I have quite sway back knees and one of my teachers likes me to stand with my heels as far apart as I can and press the backs of my knees together (I also have pretty good natural turnout). But sometimes if I really focus on this in class I get some pain in the back of my knee. Another one of my teachers says that this is bad for my knees and that I should keep them a little bent, but this just feels weird! I have beeen searching online and lots of people say that you shouldnt work with them too straight. As you are always working with injured dancers, what do you think about this?
Today I hosted a fantastic live call that answered everyones questions about Warming up Safely and Flexibility Training! You can still access the call and see all of the slides by checking out this post.
If you have any questions about flexibility, flexibility training or stretching, please leave it down below and I will get back to you as soon as possible!
“Why is it that I feel nauseous or lightheaded when I am stretching? Sometimes I actually feel like I am going to throw up but then other times it is ok. Is there anything I can do because it really puts me off stretching!"
Discover the differences between Flexibility and Hypermobility, and why not all flexibility training programs are equal.
Do you spend hours stretching and wake up the next day tighter than the day before? Do you think that you are just a tight person and that there is nothing that you can do to get more flexible? Is your lack of flexibility holding you back from performing to your optimum ability? If you […]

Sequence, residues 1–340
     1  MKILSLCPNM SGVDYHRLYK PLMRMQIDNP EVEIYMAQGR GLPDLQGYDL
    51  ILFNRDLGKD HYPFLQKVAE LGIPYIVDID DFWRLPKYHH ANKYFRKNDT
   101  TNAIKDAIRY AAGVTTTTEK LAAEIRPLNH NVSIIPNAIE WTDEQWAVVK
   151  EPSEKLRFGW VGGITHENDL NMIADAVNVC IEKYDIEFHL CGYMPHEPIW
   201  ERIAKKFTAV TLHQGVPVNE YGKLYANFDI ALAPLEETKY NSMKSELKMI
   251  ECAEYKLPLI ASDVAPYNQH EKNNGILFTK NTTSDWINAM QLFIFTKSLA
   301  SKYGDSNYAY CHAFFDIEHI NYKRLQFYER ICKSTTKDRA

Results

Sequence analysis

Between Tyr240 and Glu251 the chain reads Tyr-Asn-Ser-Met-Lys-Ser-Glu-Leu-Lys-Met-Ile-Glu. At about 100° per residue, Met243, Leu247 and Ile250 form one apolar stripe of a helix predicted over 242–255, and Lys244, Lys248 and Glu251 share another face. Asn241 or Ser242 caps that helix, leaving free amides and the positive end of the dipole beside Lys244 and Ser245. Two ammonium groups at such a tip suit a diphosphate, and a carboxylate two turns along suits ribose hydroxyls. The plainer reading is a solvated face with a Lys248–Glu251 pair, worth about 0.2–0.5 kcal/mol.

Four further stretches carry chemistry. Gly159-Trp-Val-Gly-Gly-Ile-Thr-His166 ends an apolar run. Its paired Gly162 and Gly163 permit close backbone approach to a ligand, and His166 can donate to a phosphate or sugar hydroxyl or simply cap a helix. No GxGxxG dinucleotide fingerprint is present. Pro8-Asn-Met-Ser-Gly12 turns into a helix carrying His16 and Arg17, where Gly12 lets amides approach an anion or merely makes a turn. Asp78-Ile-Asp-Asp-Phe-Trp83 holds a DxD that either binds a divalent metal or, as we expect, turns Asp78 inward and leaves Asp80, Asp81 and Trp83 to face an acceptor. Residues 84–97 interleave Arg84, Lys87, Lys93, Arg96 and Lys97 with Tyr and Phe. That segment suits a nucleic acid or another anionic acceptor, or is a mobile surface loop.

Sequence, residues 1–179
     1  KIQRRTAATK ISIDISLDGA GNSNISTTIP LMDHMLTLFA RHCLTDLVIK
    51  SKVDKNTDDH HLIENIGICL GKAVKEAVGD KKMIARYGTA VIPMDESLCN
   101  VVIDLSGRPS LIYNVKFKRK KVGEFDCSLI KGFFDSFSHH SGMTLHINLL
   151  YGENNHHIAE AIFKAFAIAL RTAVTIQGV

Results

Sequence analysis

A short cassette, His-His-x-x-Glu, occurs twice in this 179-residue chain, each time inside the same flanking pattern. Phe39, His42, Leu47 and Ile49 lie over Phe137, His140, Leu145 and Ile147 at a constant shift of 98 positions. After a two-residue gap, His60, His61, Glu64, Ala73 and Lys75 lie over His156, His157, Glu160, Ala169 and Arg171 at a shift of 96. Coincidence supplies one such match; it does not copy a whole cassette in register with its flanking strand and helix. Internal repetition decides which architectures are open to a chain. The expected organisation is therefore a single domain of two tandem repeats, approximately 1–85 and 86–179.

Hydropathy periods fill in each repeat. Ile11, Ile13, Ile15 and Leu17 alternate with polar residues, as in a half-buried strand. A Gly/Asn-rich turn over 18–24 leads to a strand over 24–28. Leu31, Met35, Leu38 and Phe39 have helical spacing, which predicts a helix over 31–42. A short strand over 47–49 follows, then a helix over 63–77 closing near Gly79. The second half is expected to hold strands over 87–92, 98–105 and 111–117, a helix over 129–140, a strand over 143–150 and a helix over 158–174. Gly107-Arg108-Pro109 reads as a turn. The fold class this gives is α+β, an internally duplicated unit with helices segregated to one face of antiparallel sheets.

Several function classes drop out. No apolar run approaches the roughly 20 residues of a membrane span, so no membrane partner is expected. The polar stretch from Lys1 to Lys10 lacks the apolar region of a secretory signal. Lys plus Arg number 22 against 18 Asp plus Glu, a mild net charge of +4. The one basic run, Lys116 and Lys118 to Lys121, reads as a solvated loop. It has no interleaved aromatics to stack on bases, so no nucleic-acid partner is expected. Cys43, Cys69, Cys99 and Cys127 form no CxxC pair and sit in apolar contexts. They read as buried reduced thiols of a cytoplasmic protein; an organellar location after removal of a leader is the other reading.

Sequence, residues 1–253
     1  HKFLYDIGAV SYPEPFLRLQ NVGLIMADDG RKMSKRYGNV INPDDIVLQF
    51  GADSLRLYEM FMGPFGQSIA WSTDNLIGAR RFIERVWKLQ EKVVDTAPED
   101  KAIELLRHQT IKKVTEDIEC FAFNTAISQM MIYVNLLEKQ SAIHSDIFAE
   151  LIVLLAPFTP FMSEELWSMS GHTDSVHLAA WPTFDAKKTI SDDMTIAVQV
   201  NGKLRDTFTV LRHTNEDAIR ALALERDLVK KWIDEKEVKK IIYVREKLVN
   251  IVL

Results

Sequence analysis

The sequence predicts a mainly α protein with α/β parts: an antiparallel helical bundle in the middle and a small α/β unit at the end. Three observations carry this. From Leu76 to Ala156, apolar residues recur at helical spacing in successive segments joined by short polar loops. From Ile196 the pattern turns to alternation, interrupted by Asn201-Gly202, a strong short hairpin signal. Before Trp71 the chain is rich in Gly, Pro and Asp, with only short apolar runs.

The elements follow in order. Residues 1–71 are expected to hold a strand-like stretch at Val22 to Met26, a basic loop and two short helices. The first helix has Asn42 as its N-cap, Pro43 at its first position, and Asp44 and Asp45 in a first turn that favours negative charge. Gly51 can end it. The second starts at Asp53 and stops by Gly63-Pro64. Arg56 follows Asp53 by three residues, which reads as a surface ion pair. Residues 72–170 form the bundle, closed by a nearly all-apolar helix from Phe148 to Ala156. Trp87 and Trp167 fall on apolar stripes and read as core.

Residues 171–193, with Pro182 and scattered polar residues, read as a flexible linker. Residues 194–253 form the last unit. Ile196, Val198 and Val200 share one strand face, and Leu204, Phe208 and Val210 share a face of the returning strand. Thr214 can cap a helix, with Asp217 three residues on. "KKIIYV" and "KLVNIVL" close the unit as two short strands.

Dancers all over the world are constantly asking questions such as… "How do I get into the splits" "What are the best ways to stretch” and "How can I get more flexible". There are so many myths in the dance world (as well as in Martial Arts, Gymnastics and any other sport that desires flexibility) about how to get more flexible, however many of these can actually be very dangerous.
Neural mobility describes how well your nerves move in your body. This is an extremely important component of your flexibility and one that is often overlooked...
One of the main concepts that we work on with anyone wanting to get more mobile is actually assessing their nerves and how well they slide in the body.
Most people learn anatomy by learning about the bones and the muscles that attach to them. This is a good start, but is not really an accurate picture of our true anatomy. We are not just a skeleton held together with muscles and ligaments. A better picture is to imagine a mass of tissues including muscles, bones and ligaments, bound together, organized and coordinated by a complex web of fascia.
Many people try and get more flexible by simply taking a muscle into a stretched position and pulling on it. More often than not, after a ‘good’ stretching session, they wake up the next day more sore and tight than the day before. This is due to the fact that you can actually tear tiny muscle fibers by doing this technique.
Inside the millions of tiny fibers that make up each of your muscles are little cells called Muscle Spindles that measure how much stretch there is in your muscles. As you stretch the muscle, a message gets sent to your central nervous system (not necessarily your brain) that causes a reflex contraction of the exact muscle that you are trying to stretch!